7 Named on Short List for U.S. Bench
Thursday, May 17, 2007
In the world of law and justice, the U.S. District Court for the Eastern District of Virginia in Alexandria occupies a prominent place.
Terror suspects are tried there, as are people accused of spying, being gang members and defrauding the Pentagon. Major corporate fraud cases are brought there, whizzing through what is known nationally as the "rocket docket." Prosecutors from the courthouse often go on to top jobs at the Justice Department in Washington.
"It really is a very special court," said lawyer Anthony J. Trenga, of Alexandria, who has practiced there for years.
Trenga is one of several lawyers seeking a plumb job: a judgeship at the federal courthouse, which is at the edge of Old Town. An opening was created when U.S. District Judge T.S. Ellis III took "senior status" -- a sort of semi-retirement -- last month. The vacancy prompted an intense competition among bar associations and other legal groups to lobby Virginia's two U.S. senators on behalf of their favorite candidates.
Earlier this month, Sens. John W. Warner (R) and James Webb (D) sent a list of seven finalists to the White House for President Bush's consideration as replacements for Ellis. The candidates are Trenga, Arlington Circuit Court Judge Joanne F. Alper, of Arlington, U.S. Civilian Board of Contract Appeals Judge Jeri K. Somers of Arlington; Fairfax County Circuit Court Judge Jonathan C. Thacher of Fairfax Station and three candidates from elsewhere in the state.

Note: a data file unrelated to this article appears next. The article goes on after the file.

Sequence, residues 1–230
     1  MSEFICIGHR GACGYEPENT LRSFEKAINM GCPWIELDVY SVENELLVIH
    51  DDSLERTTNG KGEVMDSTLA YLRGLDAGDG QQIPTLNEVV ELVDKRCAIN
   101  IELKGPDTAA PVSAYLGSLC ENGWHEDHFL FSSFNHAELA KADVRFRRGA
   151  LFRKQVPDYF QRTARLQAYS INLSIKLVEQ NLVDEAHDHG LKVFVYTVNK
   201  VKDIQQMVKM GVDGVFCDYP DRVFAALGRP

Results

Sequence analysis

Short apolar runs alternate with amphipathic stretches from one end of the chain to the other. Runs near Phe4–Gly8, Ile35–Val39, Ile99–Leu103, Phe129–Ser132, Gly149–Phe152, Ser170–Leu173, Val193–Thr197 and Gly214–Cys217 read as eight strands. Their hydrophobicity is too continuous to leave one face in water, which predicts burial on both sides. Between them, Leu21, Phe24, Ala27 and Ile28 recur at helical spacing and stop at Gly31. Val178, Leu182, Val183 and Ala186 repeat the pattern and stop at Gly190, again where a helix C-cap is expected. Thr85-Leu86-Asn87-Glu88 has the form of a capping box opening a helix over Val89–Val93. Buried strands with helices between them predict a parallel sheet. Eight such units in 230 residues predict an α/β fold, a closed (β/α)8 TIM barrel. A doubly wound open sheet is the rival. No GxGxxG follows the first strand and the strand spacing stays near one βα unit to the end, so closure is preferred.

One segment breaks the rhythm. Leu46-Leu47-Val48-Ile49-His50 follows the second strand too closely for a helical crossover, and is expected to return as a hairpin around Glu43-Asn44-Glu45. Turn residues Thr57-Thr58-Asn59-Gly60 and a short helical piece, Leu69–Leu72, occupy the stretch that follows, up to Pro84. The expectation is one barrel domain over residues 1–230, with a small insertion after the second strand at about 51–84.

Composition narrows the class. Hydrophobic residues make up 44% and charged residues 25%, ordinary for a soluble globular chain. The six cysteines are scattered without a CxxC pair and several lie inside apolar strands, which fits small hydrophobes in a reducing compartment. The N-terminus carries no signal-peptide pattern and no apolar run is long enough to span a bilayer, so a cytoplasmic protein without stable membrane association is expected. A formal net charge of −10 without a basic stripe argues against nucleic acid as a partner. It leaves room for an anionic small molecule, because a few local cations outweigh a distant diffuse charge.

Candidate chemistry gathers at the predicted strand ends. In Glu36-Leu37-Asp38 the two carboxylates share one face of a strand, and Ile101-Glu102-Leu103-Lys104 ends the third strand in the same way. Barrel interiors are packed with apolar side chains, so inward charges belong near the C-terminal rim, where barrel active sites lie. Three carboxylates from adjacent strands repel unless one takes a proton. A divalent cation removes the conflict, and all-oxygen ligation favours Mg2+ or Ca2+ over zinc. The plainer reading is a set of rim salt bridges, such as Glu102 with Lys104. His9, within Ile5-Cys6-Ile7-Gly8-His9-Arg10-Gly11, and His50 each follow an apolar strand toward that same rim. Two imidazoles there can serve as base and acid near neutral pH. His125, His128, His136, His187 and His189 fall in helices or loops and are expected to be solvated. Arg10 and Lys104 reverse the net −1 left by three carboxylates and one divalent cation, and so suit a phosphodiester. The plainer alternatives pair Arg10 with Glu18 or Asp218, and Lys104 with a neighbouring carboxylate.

Although the timetable is unclear, it is considered virtually certain that Bush will select someone from the list. Presidents traditionally follow the lead of the senators from the state in which there are vacancies. Bush also will choose a candidate for a federal judgeship in Richmond, created when Judge Robert E. Payne took senior status on May 7. Both nominees require Senate confirmation.
There also is a second opening at the Alexandria federal courthouse: U.S. District Judge Claude M. Hilton took senior status in December 2005. Bush has nominated U.S. Magistrate Judge Liam O'Grady of Alexandria to succeed Hilton. The Senate Judiciary Committee had its first hearing on O'Grady's candidacy this month.
Magistrate judges hear misdemeanor cases and some felony matters, and are considered junior to U.S. district judges, who handle all types of cases. Senior judges receive full pay and hear cases, but they can take a reduced workload and are not considered active-service members of the court. It is unclear how many cases Ellis will hear.
Ellis, 67, is respected for his thorough legal opinions and feared by some for his occasionally irascible demeanor. He has been known to keep lawyers waiting up to 45 minutes before starting hearings, then giving those same lawyers a tongue-lashing if he thinks they are unprepared.
"He has certainly made his presence known," said William B. Cummings, a former U.S. attorney and longtime Alexandria lawyer. "He has set a high standard for research and preparation. He will be remembered for that -- and for ordering lawyers at the last minute to go back and rebrief an issue at nine at night.''
A nominee of President Ronald Reagan in 1987, Ellis has handled numerous high-profile cases, including those of John Walker Lindh, the Californian who fought for Afghanistan's Taliban, and the ongoing prosecution of two former lobbyists for the American Israel Public Affairs Committee. "He seems to relish having the big cases," Cummings said.
There has been no shortage of high-status cases at the Alexandria courthouse, which handles federal cases from throughout Northern Virginia. Some of the nation's biggest espionage cases have been brought there, including those of convicted spies Robert P. Hanssen, a former FBI agent, and Aldrich H. Ames, a former CIA operations officer.